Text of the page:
FISH MAWS, Fish Sounds, Air-bladder, Swim.
I Singally, Sozilly, . BENG. SOzili (small), GUJ., H/ND. Loo-pa loo-pa, . CHIN. Palogpong ikan, . BlaLny. Poota (large), GILL, HIND. Ari, Ari ikan„ . „ Are terms applied in oriental commerce to the air-bladder, sound, or swim of fishes. It is an article of luxury with the Chinese, and forms an important article of e.xport from all the S.E. coasts of Asia. Small quantities of the superior kind are occasionally sent to England, from which it is _ . . . . . _. .. .
of fish maws in Bombay-, the poota and sozili, the difference consisting merely in the size,—the latter being about one-fourth the size of the former. They are of yellowish tinge, and are cured by stretching them in the sun. If they become damp, they soon decay and aro then worthless. They are brought t,o China in junks from the Indian islands. At Singapore and in China the price is from 35 to 70 dols. per pikul, and, together with birds' nests, beche-de-rner, and sharks' fins, aro consumed by the Chinese for their supposed strengthening and reatorative properties. That the fish maws are iainglass,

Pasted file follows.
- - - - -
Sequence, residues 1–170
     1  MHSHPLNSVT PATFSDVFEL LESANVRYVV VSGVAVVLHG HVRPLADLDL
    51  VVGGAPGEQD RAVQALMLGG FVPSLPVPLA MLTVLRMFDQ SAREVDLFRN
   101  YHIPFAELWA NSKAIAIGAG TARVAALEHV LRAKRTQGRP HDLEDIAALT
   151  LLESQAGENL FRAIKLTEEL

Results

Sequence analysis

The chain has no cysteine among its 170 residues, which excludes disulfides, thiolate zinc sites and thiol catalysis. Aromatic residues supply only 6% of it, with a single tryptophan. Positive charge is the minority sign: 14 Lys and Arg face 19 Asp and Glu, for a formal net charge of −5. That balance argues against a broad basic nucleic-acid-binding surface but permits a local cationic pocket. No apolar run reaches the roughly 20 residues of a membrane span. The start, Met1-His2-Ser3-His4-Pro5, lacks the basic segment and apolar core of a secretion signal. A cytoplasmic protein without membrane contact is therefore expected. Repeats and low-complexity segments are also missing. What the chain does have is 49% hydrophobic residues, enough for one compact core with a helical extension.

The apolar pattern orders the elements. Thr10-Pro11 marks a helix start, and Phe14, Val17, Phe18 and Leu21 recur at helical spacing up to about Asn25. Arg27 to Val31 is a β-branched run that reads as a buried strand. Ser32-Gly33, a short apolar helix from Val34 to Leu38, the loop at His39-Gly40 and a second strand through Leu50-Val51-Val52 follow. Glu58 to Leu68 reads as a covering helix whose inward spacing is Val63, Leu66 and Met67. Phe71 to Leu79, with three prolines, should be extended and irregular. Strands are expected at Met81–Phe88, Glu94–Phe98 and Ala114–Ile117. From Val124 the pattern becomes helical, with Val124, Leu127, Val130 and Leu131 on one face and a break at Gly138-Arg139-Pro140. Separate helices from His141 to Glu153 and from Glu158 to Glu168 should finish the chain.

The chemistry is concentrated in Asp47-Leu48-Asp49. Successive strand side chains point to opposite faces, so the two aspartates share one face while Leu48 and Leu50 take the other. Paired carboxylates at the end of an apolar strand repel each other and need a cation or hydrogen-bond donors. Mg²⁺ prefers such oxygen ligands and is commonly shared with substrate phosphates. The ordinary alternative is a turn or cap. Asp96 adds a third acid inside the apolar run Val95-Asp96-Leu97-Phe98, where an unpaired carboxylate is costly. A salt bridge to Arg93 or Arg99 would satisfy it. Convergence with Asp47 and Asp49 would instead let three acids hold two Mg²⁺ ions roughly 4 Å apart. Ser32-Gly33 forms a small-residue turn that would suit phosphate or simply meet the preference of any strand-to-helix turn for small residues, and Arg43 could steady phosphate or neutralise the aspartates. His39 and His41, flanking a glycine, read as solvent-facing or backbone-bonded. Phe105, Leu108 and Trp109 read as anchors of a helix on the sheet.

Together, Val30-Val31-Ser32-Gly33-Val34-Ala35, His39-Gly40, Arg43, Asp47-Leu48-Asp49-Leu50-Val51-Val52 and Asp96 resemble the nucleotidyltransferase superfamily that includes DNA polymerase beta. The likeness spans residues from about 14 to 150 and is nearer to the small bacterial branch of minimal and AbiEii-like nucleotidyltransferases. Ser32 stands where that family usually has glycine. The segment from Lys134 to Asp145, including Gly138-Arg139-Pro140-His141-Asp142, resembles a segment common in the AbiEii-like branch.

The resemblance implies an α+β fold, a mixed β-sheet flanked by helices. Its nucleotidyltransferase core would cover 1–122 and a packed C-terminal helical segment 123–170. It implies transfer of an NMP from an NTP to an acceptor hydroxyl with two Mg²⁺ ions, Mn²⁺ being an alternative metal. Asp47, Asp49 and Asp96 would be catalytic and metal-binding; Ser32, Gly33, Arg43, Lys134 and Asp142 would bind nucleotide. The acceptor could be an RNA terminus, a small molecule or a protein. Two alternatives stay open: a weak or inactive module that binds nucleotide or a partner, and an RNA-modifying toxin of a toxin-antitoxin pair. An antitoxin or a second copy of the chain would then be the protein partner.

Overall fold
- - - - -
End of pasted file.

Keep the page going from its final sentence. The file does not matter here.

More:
appears to have been the discovery of an anony mous correspondent in Parbury's Oriental Herald for January 1839. The fishes from which iainglass is obtained at Penang are,—Lates lieptadactylus, Ikan siyakup ; Polynemus Indicus, Ikan kurow ; Otolithus biauritus, Ikan salatnpae ; O. ruber, O. argenteus, O. maculatus, all called Jarang gigi; Johnius diacanthus, Ikan tambareli ; Lobotes erate, Ikan batu ; Arius truncatus, A. arius, A. militaris, all called Dian saludu. Their export from British India, from 1857-58 to 1860-61, ranged up to 1,002,624, value Hs. 99,620 ; and in recent years W3S :— Lbs. Rs. Lbs. RS.
1875-76, 876,624 2,51,603 1878-79, 1,238,728 3,75,560 1876-77, 066,658 3,40,792 1879-80, 1,145,968 3,80,620 1877-78, 1,082,681 3,86,490 The air-bladders of fishes that swim near the surface aro small, and are wholly absent in those which, like the flat fishes (Pleuronectidte), live near the bottom.